Ayrshire’s finest, Biffy Clyro, are playing now. Many of Horror. Not the sanitised X Factor version. Incidentally, one of the finest epithets I have ever seen in print was Marina Hyde’s description of Simon Cowell as the Karaoke Sauron. Repellent individual. Anyway, an absolute tune has come on while I’ve been writing and culling a political rant: May You Never by John Martyn.

In book news, I’ve managed to read a few books in the last week or so, including a couple of Quintin Jardine re-reads, the new Stuart MacBride (decent but I think his editor might have been on holiday) and the first of the Marsali Taylor Shetland sailing mysteries, which was all right. I think I might read more of that series. My current book is Out of the Woods by Luke Turner, which I’ve had on my pile for ages and I need to get back to its library home at some point. My travelling book for Kilmarnock today, since it’s compact and the journey isn’t far, is a selection of Greta Thunberg’s speeches published in a handy pocket-sized volume by Penguin.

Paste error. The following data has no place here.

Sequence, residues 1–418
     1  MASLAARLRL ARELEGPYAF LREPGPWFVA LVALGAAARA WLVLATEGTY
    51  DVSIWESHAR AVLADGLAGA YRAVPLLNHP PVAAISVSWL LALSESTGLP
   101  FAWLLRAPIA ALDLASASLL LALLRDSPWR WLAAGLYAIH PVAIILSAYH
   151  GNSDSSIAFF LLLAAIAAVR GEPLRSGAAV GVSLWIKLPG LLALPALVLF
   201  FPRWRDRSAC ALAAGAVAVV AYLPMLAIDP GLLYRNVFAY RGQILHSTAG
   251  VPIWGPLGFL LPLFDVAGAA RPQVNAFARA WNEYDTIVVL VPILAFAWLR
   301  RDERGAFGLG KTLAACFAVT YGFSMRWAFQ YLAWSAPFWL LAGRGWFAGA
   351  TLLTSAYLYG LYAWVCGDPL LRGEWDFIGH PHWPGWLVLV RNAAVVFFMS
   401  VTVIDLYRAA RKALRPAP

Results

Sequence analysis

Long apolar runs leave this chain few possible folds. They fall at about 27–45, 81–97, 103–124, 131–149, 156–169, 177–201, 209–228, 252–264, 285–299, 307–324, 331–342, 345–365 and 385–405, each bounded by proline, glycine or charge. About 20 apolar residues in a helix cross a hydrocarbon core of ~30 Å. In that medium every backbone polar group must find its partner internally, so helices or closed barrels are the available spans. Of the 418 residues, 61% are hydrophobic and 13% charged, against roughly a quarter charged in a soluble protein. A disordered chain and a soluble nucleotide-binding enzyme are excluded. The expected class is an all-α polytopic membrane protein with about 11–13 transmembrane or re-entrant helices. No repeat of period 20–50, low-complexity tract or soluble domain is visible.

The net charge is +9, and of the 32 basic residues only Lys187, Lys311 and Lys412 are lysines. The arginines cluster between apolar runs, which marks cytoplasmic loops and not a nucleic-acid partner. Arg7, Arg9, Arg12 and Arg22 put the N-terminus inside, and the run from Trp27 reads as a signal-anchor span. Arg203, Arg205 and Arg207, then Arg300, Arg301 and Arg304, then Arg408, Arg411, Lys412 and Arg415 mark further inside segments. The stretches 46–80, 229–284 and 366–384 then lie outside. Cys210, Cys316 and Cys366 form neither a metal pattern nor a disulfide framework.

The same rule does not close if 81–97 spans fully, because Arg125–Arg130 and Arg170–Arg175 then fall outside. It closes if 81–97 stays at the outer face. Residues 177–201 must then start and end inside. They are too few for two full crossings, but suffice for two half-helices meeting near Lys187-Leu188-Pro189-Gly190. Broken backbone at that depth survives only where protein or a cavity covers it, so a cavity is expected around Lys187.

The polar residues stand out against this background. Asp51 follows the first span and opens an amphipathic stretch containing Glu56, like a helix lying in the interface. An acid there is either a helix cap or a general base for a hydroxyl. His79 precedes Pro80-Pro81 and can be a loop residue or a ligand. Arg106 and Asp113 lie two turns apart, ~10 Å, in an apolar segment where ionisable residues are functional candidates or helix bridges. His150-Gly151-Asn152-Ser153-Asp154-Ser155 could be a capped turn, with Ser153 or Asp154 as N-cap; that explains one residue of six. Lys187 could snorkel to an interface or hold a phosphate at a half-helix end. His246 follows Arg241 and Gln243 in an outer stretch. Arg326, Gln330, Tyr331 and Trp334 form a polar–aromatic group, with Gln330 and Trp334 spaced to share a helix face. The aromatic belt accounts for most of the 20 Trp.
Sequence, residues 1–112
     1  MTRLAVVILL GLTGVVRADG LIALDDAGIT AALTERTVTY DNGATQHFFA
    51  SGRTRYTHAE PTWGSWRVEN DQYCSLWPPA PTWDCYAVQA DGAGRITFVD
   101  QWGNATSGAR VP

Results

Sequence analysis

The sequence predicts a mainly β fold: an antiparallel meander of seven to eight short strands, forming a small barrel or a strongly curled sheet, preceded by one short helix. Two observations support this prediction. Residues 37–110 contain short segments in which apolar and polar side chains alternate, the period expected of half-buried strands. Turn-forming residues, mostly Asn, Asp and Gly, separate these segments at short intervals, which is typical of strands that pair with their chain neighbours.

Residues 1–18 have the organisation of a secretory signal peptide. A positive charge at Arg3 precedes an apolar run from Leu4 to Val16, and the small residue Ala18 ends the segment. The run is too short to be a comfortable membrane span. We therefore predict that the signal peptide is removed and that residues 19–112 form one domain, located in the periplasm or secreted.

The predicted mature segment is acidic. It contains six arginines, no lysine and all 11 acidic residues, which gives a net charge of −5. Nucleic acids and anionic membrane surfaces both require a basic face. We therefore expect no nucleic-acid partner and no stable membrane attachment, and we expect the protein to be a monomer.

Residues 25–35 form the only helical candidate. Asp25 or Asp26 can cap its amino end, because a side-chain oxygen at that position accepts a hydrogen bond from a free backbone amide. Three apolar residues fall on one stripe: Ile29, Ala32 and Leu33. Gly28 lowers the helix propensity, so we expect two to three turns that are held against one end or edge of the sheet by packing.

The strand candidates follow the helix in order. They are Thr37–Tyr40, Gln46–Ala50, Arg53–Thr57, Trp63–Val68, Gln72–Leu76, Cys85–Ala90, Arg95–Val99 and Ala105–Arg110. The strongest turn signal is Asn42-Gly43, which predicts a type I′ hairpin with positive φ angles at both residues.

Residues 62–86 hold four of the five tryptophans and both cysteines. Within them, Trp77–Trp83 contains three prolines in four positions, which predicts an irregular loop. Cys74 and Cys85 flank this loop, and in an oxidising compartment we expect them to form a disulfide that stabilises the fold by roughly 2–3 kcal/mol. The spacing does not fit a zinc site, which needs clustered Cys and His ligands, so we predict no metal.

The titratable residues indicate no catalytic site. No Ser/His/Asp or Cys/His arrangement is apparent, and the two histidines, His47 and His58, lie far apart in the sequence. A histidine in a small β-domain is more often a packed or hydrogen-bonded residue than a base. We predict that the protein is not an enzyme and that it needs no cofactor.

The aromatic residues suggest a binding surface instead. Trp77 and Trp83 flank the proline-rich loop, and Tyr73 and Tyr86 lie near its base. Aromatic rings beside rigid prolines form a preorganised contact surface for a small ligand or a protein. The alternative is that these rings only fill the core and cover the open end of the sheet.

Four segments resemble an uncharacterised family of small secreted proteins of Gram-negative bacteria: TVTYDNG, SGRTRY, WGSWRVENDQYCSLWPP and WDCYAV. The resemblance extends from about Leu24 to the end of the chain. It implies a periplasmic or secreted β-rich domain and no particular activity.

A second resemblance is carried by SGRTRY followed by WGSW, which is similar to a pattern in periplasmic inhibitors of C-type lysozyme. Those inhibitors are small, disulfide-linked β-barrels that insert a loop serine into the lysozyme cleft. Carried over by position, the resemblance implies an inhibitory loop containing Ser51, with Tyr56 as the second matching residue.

For the last few minutes I’ve been trying to remember something I was going to write here this week. I had a mental image of where I thought it as well, when I was on the bus earlier tonight, where the 9A turns past Decathlon at Braehead towards Hillington. If you are unfamiliar with this place, imagine rolling hills, countryside, haggis running around freely. No, of course not, Decathlon’s a big sports warehouse and across from it is a huge shopping centre and generic glass-fronted offices. Between these is a busy road. I remembered where I had the idea before the idea itself. Go figure. Anyway, the idea was about autism positivity. Last week I watched Amy Schumer’s latest stand-up special on Netflix. I’m not a huge fan but I watched it because I had seen a piece which mentioned that she has an autistic husband. The standout quote was simply that his autisticness, all those things that society often views negatively like bluntness and attention-to-detail, was why she loved him. It gave me hope.